Our grant support has helped create and expand Japanese language courses in several school districts and colleges/universities all across the country.

  1. Findlay High School in Ohio accepted a grant check to establish a Japanese-language program at their school. Here is the news report from WTOL11 (top left)!
  2. Consul General Takashi Teraoka presented our grant check to Kelly Middle School in Oregon (top right)!
  3. Consul General Hiroyuki Kobayashi presented our grant check to Austin Peay State University and Clarksville-Montgomery County School System in Tennessee to support their innovative Japanese language partnership (bottom left)!
  4. Consul General Hiroyuki Kobayashi presented our grant check to Gray Middle School in Kentucky for their newly started Japanese-language program (botton right)!

For the current fiscal year, we have the Japanese Language Education Project Grant available with an application deadline of two months prior to the project start date. Grants for the next school year will be available in January, 2020 so please check back then for more information.
2019/2020 Japanese-Language Education Assistant Program (J-LEAP)
Our Japan Foundation Headquarters’ website has just launched a new J-LEAP Movie Page!
Click around and see previous and current participants talk openly about their day-to-day experiences in this exciting program.

Is this program right for your school?

The initial Lead Teacher (LT)/Host Organization application period for the Japanese Language Education Assistant Program (J-LEAP) has ended, and now the Laurasian Institution and the Japan Foundation will now select the best candidates from those who applied to move forward.

In the meantime, JF Headquarters has begun its Assistant Teacher (AT) application period which will end on Thursday, January 16th, 2020.

There will be a J-LEAP information session at our Tokyo Headquarters office on Saturday, November 30th, so please share this information with any Japanese language teachers in Japan that you think might be interested (perhaps a young teacher you know through your Japanese sister school, for instance)!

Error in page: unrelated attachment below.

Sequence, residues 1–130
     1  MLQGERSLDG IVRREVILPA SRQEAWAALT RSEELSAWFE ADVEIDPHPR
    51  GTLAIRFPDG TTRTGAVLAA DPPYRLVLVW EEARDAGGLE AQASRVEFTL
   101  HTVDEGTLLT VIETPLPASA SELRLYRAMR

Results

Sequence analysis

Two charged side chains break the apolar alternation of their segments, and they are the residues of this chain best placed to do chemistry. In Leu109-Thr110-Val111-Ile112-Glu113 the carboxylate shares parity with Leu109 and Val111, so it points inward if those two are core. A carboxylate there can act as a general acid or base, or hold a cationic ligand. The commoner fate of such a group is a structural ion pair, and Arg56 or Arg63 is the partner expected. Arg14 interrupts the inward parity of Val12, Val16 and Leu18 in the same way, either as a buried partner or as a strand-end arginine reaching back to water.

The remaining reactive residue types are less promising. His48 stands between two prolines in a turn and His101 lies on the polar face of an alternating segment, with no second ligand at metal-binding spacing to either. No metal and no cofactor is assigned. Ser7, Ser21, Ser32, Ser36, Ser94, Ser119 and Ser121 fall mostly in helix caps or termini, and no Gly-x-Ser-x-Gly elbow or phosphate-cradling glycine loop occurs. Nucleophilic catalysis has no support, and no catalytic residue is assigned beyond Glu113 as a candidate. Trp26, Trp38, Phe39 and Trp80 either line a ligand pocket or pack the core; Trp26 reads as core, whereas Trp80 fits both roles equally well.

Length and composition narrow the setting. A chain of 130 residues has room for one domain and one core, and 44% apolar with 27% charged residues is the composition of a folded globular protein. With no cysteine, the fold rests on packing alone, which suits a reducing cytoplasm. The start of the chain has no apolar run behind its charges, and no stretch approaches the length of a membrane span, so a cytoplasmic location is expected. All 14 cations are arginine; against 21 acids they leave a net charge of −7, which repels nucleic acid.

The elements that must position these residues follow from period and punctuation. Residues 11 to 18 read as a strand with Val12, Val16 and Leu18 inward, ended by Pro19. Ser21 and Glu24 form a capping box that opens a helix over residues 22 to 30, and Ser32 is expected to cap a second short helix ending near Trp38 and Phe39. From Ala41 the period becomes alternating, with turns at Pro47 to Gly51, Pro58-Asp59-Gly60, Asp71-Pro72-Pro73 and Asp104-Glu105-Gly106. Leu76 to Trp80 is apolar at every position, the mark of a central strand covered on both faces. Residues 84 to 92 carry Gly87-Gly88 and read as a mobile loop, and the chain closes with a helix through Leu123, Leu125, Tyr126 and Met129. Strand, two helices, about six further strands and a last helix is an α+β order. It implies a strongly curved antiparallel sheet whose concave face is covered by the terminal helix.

This month, we would like to welcome Tsubasa Sato who is currently at Eastview High School in Apple Valley, MN, and Miharu Hadano who is currently at Shaler Area School District in Pittsburgh, PA !
Japanese Language Education Update 72: AATJ/JFLA Collaborative Workshop in Philadelphia
I had a great opportunity to attend the yearly AATJ (The American Association of Teachers of Japanese)/JFLA (The Japan Foundation, Los Angeles) collaborative Leadership Workshop at Ursinus College in Collegeville, Pennsylvania from October 18th - 20th 2019. It was a fabulous workshop that connected potential leaders in Japanese language education, and provided opportunities to meet other Japanese language teachers who have dedicated their time and energy to further improve their experiences within the classroom and spread the importance of why foreign language education is necessary more than ever in a world where hard skills can be replaced by robots within this century. Foreign language education teaches soft skills such as interpersonal and intercultural communication, flexibility, being able to interpret the atmosphere, and other forms of skills that are not replaceable by AI. This workshop had wonderful presentations from not only our director Hideki Hara, but also AATJ’s President and Immediate Past President (Ms. Suwako Watanabe and Ms. Yoshiko Saito-Abbott), as well as Erin Whelchel from ACTFL. They discussed the importance of advocacy starting from within the classroom and how teachers themselves can advocate outside of the classroom towards administrators, parents, and students to promote the importance of taking Japanese.

Growing up in New Mexico as a young child with no Japanese classes or environment to learn and then moving to Los Angeles in middle school where Japanese was readily available, I’ve experienced and seen how difficult it is to find communities in areas, especially certain states and cities where the Japanese and Japanese American population may be relatively small. So to have a workshop that brings teachers and allows them to connect with each other physically, and also via Zoom and other forms of technology, helps the teachers from not feeling isolated. There were also vibrant teachers who took Japanese in school and decided to become a Japanese teacher through those experiences. These success stories show that it is very important to invest and continue investing in foreign languages to grow the next generation of teachers. Next month is the American Council on the Teaching of Foreign Languages (ACTFL) conference in Washington DC and I hope to report what I’ve learned there as well for the next Your Japan issue!